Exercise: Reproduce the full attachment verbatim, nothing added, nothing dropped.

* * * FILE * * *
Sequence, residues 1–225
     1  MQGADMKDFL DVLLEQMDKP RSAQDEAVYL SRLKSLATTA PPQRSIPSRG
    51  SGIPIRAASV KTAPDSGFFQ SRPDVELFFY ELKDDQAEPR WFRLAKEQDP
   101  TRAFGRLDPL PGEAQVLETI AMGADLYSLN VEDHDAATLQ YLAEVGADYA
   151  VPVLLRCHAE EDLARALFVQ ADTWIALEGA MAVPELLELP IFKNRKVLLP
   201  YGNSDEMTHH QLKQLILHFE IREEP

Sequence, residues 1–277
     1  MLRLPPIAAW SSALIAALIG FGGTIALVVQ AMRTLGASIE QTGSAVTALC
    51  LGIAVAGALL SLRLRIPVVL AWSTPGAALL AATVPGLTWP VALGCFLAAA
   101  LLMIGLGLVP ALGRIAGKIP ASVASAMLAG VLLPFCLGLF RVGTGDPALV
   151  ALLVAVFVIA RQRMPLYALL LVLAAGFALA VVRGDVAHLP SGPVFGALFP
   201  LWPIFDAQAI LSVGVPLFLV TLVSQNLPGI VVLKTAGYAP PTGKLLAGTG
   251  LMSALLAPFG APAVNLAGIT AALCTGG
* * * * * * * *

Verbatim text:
Sequence, residues 1–225
     1  MQGADMKDFL DVLLEQMDKP RSAQDEAVYL SRLKSLATTA PPQRSIPSRG
    51  SGIPIRAASV KTAPDSGFFQ SRPDVELFFY ELKDDQAEPR WFRLAKEQDP
   101  TRAFGRLDPL PGEAQVLETI AMGADLYSLN VEDHDAATLQ YLAEVGADYA
   151  VPVLLRCHAE EDLARALFVQ ADTWIALEGA MAVPELLELP IFKNRKVLLP
   201  YGNSDEMTHH QLKQLILHFE IREEP

Sequence, residues 1–277
     1  MLRLPPIAAW SSALIAALIG FGGTIALVVQ AMRTLGASIE QTGSAVTALC
    51  LGIAVAGALL SLRLRIPVVL AWSTPGAALL AATVPGLTWP VALGCFLAAA
   101  LLMIGLGLVP ALGRIAGKIP ASVASAMLAG VLLPFCLGLF RVGTGDPALV
   151  ALLVAVFVIA RQRMPLYALL LVLAAGFALA VVRGDVAHLP SGPVFGALFP
   201  LWPIFDAQAI LSVGVPLFLV TLVSQNLPGI VVLKTAGYAP PTGKLLAGTG
   251  LMSALLAPFG APAVNLAGIT AALCTGG